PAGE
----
There is a maxim about comic book story writing that states that if you could replace the central superhero with a different superhero without it affecting the plot, then the story is not about that specific superhero and it won’t work to the strengths of the character. This came to mind after I watched Paul: there is no specific reason for Simon Pegg and Nick Frost to be British in this film, and the film could easily work without them or their unique on-screen chemistry. Fortunately, the central character of the CGI alien voiced by Seth Rogen is such an enjoyable creation that it carries the film and you don’t really mind.
Pegg and Frost are Graeme and Clive, two British geeks in the USA for San Diego Comic-Con, who then go on a road trip in a rented RV around the famous UFO hotspots along the Extraterrestrial Highway. On the way, they pick up Paul and agree to help him get back home. All the while, they are being chased by various men in black, mainly in the form of Jason Bateman, who are eager to get him back.
The character of Paul is a riot – he enjoys strong weed, relaxing, swearing and popular culture – and the CGI is great, creating a tangible presence on screen that can channel the exuberance of Rogen while overcoming his occasional annoyance factor. His vitality is needed because Graeme and Clive are fairly bland – they are amiable blokes but with no real personality, as if the story is sufficient to overcome this shortfall. Pegg and Frost co-wrote the script, so it’s a strange choice; they also feel slightly too old for the type of characters they are playing (not helped by Pegg’s rather silly hair), adding to the discrepancy.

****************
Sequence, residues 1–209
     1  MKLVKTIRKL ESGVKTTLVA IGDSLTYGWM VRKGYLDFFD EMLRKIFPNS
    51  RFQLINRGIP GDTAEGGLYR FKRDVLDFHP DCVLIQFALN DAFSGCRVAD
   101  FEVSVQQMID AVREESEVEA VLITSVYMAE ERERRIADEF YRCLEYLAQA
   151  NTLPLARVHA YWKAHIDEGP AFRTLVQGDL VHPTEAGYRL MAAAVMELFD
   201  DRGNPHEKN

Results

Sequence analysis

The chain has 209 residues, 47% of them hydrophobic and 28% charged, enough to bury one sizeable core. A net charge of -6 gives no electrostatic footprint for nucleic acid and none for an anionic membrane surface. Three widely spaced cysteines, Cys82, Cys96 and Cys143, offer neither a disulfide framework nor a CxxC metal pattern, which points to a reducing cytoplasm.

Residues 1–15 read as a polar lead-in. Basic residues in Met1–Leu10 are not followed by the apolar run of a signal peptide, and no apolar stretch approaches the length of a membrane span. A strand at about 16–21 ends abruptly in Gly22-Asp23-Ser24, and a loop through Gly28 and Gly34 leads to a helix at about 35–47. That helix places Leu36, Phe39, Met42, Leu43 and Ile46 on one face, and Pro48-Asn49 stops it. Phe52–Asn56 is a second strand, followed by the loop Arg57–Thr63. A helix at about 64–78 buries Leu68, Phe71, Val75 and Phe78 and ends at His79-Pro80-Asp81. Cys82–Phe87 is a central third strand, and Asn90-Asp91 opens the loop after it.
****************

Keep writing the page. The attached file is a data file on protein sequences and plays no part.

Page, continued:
One possible reason why the central characters are lacking in spark is that the film is aimed squarely at the mainstream, despite all the swearing: the film is packed with known comedy faces (Kristen Wiig as the love interest for Graeme, plus smaller roles for Jane Lynch, David Koechner, Bill Hader and Jeffrey Tambor, as well as a big name cameo that works really well); the direction from Greg Mottola is characterless compared with the sharpness of Edgar Wright; and the fact that the film is a geek wish fulfilment version of E.T. with a side helping of love letter to Steven Spielberg (the opening scene and the finale in particular are tributes to Close Encounters of the Third Kind, and there is a lovely voice cameo in the middle). The film lacks the edge of Shaun of the Dead or Hot Fuzz, which can be seen from the rather flat scenes at Comic-Con and some flimsy ‘we’re not gay’ jokes. There is also the soft attitude to the most interesting human character – Wiig plays a Christian whose worldview is overturned by the evidence of an extraterrestrial, which is a fantastic concept to play with, but it’s mostly ignored for humorous novelty swearing as she uses all the words she’s denied herself.
On the other hand, the film can be funny in its use of movie in-jokes, as would be expected from Pegg and Frost (I liked the Star Wars jokes, such as the country and western band in a bar playing a version of the cantina song, and the post-credit gag that uses some dialogue from Return of the Jedi), although the name of Bateman’s character, Agent Zoil, provides the cheapest and most cringe-worthy film-related gag in the entire film. The knowingness provides a relaxed humour, with occasional flashes of the Pegg/Frost interaction, meaning that the film is enjoyable and will reward future viewings. It’s just that it’s not as good as Shaun of the Dead or Hot Fuzz, which is admittedly a high standard to maintain, but means that anything less is noticeable.